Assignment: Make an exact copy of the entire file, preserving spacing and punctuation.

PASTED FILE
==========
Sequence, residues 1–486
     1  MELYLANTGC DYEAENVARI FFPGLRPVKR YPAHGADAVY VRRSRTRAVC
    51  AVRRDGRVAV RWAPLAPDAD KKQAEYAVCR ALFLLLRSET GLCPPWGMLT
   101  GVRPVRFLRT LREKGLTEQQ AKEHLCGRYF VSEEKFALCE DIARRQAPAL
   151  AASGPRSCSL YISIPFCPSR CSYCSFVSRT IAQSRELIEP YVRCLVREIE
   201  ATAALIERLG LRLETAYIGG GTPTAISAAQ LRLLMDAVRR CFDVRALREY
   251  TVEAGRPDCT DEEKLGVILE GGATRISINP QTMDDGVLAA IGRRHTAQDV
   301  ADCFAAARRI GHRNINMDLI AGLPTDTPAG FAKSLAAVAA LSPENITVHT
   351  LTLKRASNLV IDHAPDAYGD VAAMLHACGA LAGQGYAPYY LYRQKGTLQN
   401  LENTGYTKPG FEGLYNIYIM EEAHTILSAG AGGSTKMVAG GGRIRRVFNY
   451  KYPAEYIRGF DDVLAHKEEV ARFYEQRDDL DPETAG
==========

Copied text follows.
Sequence, residues 1–486
     1  MELYLANTGC DYEAENVARI FFPGLRPVKR YPAHGADAVY VRRSRTRAVC
    51  AVRRDGRVAV RWAPLAPDAD KKQAEYAVCR ALFLLLRSET GLCPPWGMLT
   101  GVRPVRFLRT LREKGLTEQQ AKEHLCGRYF VSEEKFALCE DIARRQAPAL
   151  AASGPRSCSL YISIPFCPSR CSYCSFVSRT IAQSRELIEP YVRCLVREIE
   201  ATAALIERLG LRLETAYIGG GTPTAISAAQ LRLLMDAVRR CFDVRALREY
   251  TVEAGRPDCT DEEKLGVILE GGATRISINP QTMDDGVLAA IGRRHTAQDV
   301  ADCFAAARRI GHRNINMDLI AGLPTDTPAG FAKSLAAVAA LSPENITVHT
   351  LTLKRASNLV IDHAPDAYGD VAAMLHACGA LAGQGYAPYY LYRQKGTLQN
   401  LENTGYTKPG FEGLYNIYIM EEAHTILSAG AGGSTKMVAG GGRIRRVFNY
   451  KYPAEYIRGF DDVLAHKEEV ARFYEQRDDL DPETAG